It is worth mentioning that these figures are just the estimated shelf life of sesame oil and sesame oil can even last for more than this, provided that it was stored properly.
How to properly store sesame oil?
- You should store your sesame oil away from direct sunlight and heat. As sunlight and heat can increase the rate at which sesame oil can go rancid or stale (5).
- You can store the unopened sesame oil easily in a cool, dry, and dark corner away from direct sunlight and heat. Thus you can store sesame oil in your pantry or kitchen cabinet. You can store the sesame oil in the pantry even after it has been opened and it can last for a long time there.
- Moreover, you can also refrigerate your sesame oil to prolong its shelf life.
- You should close the lid of the bottle containing sesame oil as soon as you have poured the oil that you need so that it will minimize air or obnoxious agent exposure of your sesame oil.
Can I reuse sesame oil after frying?
Usually, tocopherols present in the vegetable oils are sufficient to protect them against oxidation at environmental temperature. However, at high temperatures of deep-fat frying, antioxidants with high efficiency are required to delay oil degradation. High oxidative stability of sesame oil compared with other vegetable oils is due to the large quantity of endogenous antioxidants and sesame oil can be used for frying purposes. However, after repeated frying, sesame oil can oxidize, producing free fatty acids, which are harmful to health. Because of the development of harmful and reactive oxidation products when vegetable oils go rancid, they may offer health hazards such as cancer and inflammation (7,8).
When it comes to reusing sesame oil after you have fried something like fish, chicken, or any other thing in it, you have to keep some things in mind.
Firstly, you should let the oil cool and afterward strain the sesame oil before storing it to get rid of the leftover particles of the previous food that you fried in it.
Moreover, there is no hard and fast rule regarding how many times you can reuse the sesame oil, but you should keep in mind that the quality and taste of oil deteriorate with each time you fry something in it.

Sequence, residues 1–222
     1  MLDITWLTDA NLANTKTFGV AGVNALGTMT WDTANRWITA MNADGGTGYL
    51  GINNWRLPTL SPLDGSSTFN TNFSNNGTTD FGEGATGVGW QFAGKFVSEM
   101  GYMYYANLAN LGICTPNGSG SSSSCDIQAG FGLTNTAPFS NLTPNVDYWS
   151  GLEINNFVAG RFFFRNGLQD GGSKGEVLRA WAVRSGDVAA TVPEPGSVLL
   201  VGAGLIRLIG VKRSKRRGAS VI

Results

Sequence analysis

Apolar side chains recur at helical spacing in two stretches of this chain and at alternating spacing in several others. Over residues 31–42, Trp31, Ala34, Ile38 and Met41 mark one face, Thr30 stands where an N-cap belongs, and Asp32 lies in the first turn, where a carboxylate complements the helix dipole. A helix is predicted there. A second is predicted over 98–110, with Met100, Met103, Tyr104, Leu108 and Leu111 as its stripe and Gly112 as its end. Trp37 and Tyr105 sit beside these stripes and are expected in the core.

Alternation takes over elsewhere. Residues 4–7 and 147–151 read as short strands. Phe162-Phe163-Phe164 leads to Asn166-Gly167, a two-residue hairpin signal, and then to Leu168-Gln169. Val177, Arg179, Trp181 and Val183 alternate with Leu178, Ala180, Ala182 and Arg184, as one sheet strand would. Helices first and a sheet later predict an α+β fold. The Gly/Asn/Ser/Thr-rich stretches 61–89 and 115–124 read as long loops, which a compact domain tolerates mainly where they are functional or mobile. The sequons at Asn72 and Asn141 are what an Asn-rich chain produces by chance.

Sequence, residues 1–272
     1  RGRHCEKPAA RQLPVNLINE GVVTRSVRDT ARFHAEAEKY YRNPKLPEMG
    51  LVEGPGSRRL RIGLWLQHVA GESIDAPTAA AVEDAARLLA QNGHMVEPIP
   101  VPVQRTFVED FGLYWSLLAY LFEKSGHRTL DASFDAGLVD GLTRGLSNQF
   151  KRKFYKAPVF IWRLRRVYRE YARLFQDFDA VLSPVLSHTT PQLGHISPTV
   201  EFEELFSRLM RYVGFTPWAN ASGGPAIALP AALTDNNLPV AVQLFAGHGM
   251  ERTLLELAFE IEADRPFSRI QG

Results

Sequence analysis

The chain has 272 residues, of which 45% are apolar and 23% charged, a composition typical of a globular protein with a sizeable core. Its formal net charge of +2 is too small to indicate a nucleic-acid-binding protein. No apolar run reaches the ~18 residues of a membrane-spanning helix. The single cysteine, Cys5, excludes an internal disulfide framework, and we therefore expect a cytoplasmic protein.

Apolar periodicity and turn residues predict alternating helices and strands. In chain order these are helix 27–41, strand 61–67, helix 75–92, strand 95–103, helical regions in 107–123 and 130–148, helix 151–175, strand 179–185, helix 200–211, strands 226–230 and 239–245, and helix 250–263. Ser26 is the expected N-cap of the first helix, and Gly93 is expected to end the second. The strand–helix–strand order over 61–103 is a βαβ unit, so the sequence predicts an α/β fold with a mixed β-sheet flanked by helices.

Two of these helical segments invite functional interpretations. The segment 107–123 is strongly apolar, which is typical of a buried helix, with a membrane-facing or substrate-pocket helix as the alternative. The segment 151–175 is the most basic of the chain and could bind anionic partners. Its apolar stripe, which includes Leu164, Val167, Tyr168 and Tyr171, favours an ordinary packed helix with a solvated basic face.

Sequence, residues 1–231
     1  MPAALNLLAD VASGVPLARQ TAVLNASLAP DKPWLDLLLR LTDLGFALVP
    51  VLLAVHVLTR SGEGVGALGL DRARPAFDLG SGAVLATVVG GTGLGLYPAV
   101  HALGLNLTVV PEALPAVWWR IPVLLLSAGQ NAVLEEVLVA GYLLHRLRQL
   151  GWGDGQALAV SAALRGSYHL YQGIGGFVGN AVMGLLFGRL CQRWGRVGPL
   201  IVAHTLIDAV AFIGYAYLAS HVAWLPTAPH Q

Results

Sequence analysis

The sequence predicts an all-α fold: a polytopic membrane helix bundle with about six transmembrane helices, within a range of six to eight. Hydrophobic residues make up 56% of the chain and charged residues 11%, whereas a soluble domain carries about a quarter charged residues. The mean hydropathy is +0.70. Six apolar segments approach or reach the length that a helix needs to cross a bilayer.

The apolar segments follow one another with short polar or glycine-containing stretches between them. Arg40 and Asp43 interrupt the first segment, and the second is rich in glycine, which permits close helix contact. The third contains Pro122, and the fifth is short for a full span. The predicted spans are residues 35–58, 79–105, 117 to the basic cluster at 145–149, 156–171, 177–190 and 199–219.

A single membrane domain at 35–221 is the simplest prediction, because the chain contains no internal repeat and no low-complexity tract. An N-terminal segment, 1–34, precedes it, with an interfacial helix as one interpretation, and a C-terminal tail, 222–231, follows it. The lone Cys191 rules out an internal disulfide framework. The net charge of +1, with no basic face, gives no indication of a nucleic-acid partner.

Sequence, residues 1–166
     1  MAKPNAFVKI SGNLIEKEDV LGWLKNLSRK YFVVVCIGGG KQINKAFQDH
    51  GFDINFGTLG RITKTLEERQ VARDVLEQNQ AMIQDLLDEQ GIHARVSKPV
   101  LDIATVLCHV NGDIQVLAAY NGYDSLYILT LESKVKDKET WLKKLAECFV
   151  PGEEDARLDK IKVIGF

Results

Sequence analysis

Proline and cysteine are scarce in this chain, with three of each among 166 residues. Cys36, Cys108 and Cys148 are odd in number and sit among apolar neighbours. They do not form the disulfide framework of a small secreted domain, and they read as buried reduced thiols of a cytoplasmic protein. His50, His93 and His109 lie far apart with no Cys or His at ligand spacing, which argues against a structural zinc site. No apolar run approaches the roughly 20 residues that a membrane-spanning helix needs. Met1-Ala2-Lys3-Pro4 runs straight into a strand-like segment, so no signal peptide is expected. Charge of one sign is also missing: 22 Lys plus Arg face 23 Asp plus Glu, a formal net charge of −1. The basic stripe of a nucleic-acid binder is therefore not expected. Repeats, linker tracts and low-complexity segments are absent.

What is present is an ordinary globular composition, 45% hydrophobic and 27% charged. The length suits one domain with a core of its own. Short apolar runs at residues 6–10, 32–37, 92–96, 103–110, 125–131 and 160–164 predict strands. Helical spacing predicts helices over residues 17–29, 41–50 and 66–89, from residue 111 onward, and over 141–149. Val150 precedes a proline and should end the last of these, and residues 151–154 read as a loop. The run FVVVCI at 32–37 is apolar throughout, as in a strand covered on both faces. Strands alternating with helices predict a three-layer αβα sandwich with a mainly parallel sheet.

Therefore you will notice that you won’t get the same flavor of the fried food after you have fried for the fourth time in the same sesame oil as you got when you fried something in it for the first time.
Thus, the time when you start to feel a noticeable difference in the taste and smell of the food that you fried in your reused sesame oil, you should discard the oil.
In this brief guide, we answered the question “does sesame oil expire” with an in-depth analysis of whether or not sesame oil expires. Moreover, we discussed the shelf life of sesame oil, the proper way to store sesame oil, and whether or not you can reuse the sesame oil.
- Ayana, Negash Geleta. Status of production and marketing of Ethiopian sesame seeds (Sesamum indicum L.): A review. Agric Biol Sci J, 2015, 1, 217-223.
- Chavoshizadeh, Sona, Sajad Pirsa, and Forough Mohtarami. Sesame oil oxidation control by active and smart packaging system using wheat gluten/chlorophyll film to increase shelf life and detecting expiration date. Euro J Lipid Sci Technol, 2020, 122, 1900385.
- Piergiovanni, Luciano, and Sara Limbo. Packaging and the Shelf Life of Vegetable Oils. Food packaging and shelf life. 2010, 317.
- FoodKeeper. United States Department of Agriculture.
- Mousavi, Soraya, et al. Evolution of Extra Virgin Olive Oil Quality under Different Storage Conditions. Foods, 2021, 10, 2021.
- Gravely, M. Before you toss food, wait. Check it out!. United States Department of Agriculture. 2022.
- Singh, Mukesh Kr, et al. Effects of Repeated Deep Frying on Refractive Index and Peroxide Value of Selected Vegetable Oils. Int J Res Appl Sci Biotechnol, 2022, 9, 28-31.
- Borjian Borojeni, M., A. Goli, and M. Gharachourloo. Effect of roasted sesame oil on qualitative properties of frying oil during deep-fat frying. J Agric Sci Technol, 2016, 18, 1531-1542.